An Artist's Journey

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Mom says as soon as I could hold a magic marker, I drew. When I ran out of paper, I switched to marking up my belly. I inherited the art gene from my Uncle Buddy. Sadly, I also picked up his penchant for self-destruction and bought into the myth that troubled emotions, lack of impulse control, and suicidal tendencies were the necessary ingredients to create magnificent art.

Works by the mentally unstable stole my attention: Self-Portrait with Bandaged Ear by Vincent van Gogh, Edvard Munch’s The Scream, and Francisco Goya’s Saturn Devouring His Son. Sketchbooks since third grade are stacked in boxes in the back of a closet. It took a long time before I could look through the dark days of my addiction. When I faced the pages, they made me cry.


Benjamin “Buddy” Wendkos, my mother’s older brother, was an astounding painter who actually made enough money selling his art to support a wife and three kids in Florence, Italy. Sadly, by the time I reached five, cigarettes had killed him. Years of smoking four packs a day gave him a heart attack and doctors warned him if he didn’t quit immediately, he would die. But Buddy kept on puffing.

Four-foot tall portraits of me, my sisters, mother, and grandparents covered the walls of our home. Those paintings kept him alive in my mind. If I begged, Mom told me stories about him. One year she lived with Buddy and his family. Through a cracked bedroom door, she bore witness to the way he woke up. With eyes still closed, his hand hunted the nightstand until his fingers landed on the rectangular pack. Still without looking, he’d pull out a cancer stick and place it in his mouth. With his hand free to roam the table again, like a homing pigeon, it landed on his resting matchbook. He lit the match and brought it to his waiting cig. Mom saw his chest swell while he took in a long drag. Then, as he let out a slow exhale, Buddy opened his eyes and began the day.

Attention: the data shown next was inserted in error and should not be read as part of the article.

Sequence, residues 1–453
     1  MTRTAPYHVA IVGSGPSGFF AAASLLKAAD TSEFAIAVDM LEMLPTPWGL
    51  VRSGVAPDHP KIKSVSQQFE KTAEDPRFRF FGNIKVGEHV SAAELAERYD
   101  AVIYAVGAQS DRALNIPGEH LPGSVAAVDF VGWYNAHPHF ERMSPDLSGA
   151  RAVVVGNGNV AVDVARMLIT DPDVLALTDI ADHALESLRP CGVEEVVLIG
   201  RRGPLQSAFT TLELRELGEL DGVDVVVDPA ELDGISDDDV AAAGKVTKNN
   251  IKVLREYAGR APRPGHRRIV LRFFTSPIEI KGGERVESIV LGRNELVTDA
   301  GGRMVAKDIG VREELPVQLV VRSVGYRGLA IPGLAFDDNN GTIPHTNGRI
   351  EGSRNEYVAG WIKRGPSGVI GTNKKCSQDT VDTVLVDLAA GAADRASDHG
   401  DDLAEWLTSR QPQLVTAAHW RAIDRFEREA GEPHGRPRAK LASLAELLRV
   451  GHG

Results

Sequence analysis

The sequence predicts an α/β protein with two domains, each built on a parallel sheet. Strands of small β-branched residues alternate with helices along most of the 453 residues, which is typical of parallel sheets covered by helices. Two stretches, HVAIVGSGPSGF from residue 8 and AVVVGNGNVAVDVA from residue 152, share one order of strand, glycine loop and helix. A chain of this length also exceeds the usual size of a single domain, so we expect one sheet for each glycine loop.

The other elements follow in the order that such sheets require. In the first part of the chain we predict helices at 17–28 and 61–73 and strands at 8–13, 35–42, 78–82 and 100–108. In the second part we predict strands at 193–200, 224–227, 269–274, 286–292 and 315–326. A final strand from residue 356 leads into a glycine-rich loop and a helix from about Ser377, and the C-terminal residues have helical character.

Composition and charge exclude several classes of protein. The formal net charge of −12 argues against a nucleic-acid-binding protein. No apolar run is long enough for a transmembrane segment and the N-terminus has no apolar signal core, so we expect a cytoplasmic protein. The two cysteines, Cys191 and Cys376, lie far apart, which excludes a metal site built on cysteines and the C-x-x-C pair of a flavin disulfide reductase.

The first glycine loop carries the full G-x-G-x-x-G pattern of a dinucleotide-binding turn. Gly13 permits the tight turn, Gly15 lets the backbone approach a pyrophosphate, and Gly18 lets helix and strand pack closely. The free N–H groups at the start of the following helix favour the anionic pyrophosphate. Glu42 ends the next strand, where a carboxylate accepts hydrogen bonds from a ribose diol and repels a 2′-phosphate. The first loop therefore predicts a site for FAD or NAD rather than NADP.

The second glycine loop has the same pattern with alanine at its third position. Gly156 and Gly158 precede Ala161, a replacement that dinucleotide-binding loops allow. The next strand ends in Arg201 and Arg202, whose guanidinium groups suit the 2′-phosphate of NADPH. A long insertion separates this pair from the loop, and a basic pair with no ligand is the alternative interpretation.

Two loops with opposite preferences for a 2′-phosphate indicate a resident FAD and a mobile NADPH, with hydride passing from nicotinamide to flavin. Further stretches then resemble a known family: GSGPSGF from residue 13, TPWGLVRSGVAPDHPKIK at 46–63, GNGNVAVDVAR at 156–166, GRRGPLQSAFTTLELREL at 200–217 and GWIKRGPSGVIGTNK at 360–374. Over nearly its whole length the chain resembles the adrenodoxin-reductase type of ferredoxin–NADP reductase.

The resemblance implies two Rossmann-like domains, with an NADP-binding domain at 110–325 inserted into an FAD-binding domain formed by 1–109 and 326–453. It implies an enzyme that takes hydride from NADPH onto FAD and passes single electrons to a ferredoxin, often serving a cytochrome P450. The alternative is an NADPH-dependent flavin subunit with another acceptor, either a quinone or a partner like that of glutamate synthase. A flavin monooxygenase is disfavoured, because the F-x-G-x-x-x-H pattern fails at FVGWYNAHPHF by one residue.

Uncle Buddy never quit. Never even cut down. A second heart attack stole him at age 43. I still remember when Mom got the call. I was five and had never seen her cry before. As she sat beside the phone, curled inward with her head down, my pudgy little hands patted her rounded back. “There, there,” I said, mimicking words she used whenever I was sad.

My childhood bedroom was situated next to a staircase. Mornings, when I padded down for breakfast, I paused on the bottom step to say a silent, “Good morning,” to the mesmerizing self-portrait of Buddy. His Mediterranean skin looked so real, as did his thick eyebrows. His eyes stared back at me, while an unlit cigarette dangled from the side of his lip. His hands are forever frozen, about to light a match.

Self-portrait by Benjamin “Buddy” Wendkos

After my father died in 2009, Mom sold the house. That painting was the only item I asked for. After pleading with my mother and two older sisters, they finally acquiesced. Since then, every morning when my eyes open, the first thing I see is Buddy’s beautiful face staring back at me. It’s as if he is saying, “I’m with you, kid. You’re gonna be okay.” Unlike him, my addiction didn’t kill me.

My first foray into drugs began at age 11 with a shared joint passed around with camp friends. Quickly, I moved onto alcohol, amphetamines, acid, and cocaine. My scariest sketchbooks date back to early teen angst.

I Don’t Live Today

This sketch was named for the song by Jimi Hendrix. I considered him lucky to have escaped planet earth. When he sang, “I’ll meet you on the next world and don’t be late,” I thought it was a message to only me.

At age 15, I ran away to Greenwich Village. Fascinated by the hectic pace of New York City, I dreamed of becoming a rock star and began writing song lyrics:

Wild youth
Gone loose
In sunny subway station.